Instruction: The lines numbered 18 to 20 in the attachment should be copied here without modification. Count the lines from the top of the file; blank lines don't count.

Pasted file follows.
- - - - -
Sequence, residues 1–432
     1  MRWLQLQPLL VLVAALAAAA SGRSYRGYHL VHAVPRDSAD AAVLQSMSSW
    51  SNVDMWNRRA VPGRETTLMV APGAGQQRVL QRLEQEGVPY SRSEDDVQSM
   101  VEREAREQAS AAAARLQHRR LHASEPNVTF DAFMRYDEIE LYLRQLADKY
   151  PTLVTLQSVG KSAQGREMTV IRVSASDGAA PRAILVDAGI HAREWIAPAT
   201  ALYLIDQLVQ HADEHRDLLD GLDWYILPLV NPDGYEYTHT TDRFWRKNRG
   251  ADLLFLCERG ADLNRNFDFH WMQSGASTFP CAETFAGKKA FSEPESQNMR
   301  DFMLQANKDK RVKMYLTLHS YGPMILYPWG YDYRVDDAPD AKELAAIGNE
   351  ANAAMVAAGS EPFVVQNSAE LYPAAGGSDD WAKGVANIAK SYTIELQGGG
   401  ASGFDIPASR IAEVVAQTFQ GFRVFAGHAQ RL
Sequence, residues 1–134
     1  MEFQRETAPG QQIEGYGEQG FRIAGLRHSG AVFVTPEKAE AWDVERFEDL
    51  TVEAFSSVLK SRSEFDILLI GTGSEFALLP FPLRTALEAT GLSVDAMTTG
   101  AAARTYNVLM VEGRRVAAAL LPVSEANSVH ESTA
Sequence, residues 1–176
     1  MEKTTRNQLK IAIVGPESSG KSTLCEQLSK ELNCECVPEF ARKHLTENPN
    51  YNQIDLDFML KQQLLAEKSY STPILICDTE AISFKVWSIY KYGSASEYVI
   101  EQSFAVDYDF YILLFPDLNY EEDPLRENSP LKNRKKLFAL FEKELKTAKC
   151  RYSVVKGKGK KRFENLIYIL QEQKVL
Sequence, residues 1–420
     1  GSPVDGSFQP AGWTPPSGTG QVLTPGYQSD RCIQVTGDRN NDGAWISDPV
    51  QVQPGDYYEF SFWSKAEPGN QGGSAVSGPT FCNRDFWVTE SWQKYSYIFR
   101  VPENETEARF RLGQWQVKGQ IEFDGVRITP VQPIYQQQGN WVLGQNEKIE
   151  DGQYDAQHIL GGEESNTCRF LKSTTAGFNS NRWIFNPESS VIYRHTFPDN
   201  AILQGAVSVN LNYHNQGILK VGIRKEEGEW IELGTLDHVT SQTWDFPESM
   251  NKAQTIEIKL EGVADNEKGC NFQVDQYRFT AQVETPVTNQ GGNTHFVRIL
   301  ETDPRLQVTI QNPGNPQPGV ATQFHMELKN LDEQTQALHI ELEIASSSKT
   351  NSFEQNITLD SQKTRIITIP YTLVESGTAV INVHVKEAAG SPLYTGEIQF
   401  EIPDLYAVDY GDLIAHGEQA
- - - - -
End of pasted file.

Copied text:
   101  EQSFAVDYDF YILLFPDLNY EEDPLRENSP LKNRKKLFAL FEKELKTAKC
   151  RYSVVKGKGK KRFENLIYIL QEQKVL
Sequence, residues 1–420